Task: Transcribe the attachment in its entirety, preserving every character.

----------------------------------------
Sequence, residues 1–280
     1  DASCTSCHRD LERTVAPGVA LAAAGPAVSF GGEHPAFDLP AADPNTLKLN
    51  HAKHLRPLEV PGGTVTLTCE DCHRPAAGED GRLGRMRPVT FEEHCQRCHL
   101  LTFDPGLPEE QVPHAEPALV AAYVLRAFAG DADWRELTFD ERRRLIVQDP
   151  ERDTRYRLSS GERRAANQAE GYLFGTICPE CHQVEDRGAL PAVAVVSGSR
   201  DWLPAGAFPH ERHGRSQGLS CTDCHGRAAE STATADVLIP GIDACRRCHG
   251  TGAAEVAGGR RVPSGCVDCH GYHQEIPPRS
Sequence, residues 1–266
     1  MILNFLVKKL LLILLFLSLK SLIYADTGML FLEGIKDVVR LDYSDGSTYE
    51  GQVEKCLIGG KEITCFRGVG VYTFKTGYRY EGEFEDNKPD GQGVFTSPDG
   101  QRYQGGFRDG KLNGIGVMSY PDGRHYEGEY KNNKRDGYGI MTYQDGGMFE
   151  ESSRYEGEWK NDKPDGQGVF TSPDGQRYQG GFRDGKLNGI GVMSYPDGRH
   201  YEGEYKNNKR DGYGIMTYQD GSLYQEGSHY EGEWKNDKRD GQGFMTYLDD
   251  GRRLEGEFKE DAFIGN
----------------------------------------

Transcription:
Sequence, residues 1–280
     1  DASCTSCHRD LERTVAPGVA LAAAGPAVSF GGEHPAFDLP AADPNTLKLN
    51  HAKHLRPLEV PGGTVTLTCE DCHRPAAGED GRLGRMRPVT FEEHCQRCHL
   101  LTFDPGLPEE QVPHAEPALV AAYVLRAFAG DADWRELTFD ERRRLIVQDP
   151  ERDTRYRLSS GERRAANQAE GYLFGTICPE CHQVEDRGAL PAVAVVSGSR
   201  DWLPAGAFPH ERHGRSQGLS CTDCHGRAAE STATADVLIP GIDACRRCHG
   251  TGAAEVAGGR RVPSGCVDCH GYHQEIPPRS
Sequence, residues 1–266
     1  MILNFLVKKL LLILLFLSLK SLIYADTGML FLEGIKDVVR LDYSDGSTYE
    51  GQVEKCLIGG KEITCFRGVG VYTFKTGYRY EGEFEDNKPD GQGVFTSPDG
   101  QRYQGGFRDG KLNGIGVMSY PDGRHYEGEY KNNKRDGYGI MTYQDGGMFE
   151  ESSRYEGEWK NDKPDGQGVF TSPDGQRYQG GFRDGKLNGI GVMSYPDGRH
   201  YEGEYKNNKR DGYGIMTYQD GSLYQEGSHY EGEWKNDKRD GQGFMTYLDD
   251  GRRLEGEFKE DAFIGN